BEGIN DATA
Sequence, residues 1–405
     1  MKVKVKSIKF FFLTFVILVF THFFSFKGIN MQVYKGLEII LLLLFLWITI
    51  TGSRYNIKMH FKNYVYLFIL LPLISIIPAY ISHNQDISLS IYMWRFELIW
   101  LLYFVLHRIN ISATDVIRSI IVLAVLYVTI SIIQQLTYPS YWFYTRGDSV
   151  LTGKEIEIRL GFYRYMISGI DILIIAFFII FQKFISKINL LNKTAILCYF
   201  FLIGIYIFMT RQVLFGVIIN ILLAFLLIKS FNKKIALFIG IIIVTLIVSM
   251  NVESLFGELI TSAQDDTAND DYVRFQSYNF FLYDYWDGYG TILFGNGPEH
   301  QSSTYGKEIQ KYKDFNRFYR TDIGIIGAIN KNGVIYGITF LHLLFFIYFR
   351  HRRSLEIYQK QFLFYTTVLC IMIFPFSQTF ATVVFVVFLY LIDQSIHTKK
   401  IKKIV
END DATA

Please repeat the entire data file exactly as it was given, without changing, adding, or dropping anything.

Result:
Sequence, residues 1–405
     1  MKVKVKSIKF FFLTFVILVF THFFSFKGIN MQVYKGLEII LLLLFLWITI
    51  TGSRYNIKMH FKNYVYLFIL LPLISIIPAY ISHNQDISLS IYMWRFELIW
   101  LLYFVLHRIN ISATDVIRSI IVLAVLYVTI SIIQQLTYPS YWFYTRGDSV
   151  LTGKEIEIRL GFYRYMISGI DILIIAFFII FQKFISKINL LNKTAILCYF
   201  FLIGIYIFMT RQVLFGVIIN ILLAFLLIKS FNKKIALFIG IIIVTLIVSM
   251  NVESLFGELI TSAQDDTAND DYVRFQSYNF FLYDYWDGYG TILFGNGPEH
   301  QSSTYGKEIQ KYKDFNRFYR TDIGIIGAIN KNGVIYGITF LHLLFFIYFR
   351  HRRSLEIYQK QFLFYTTVLC IMIFPFSQTF ATVVFVVFLY LIDQSIHTKK
   401  IKKIV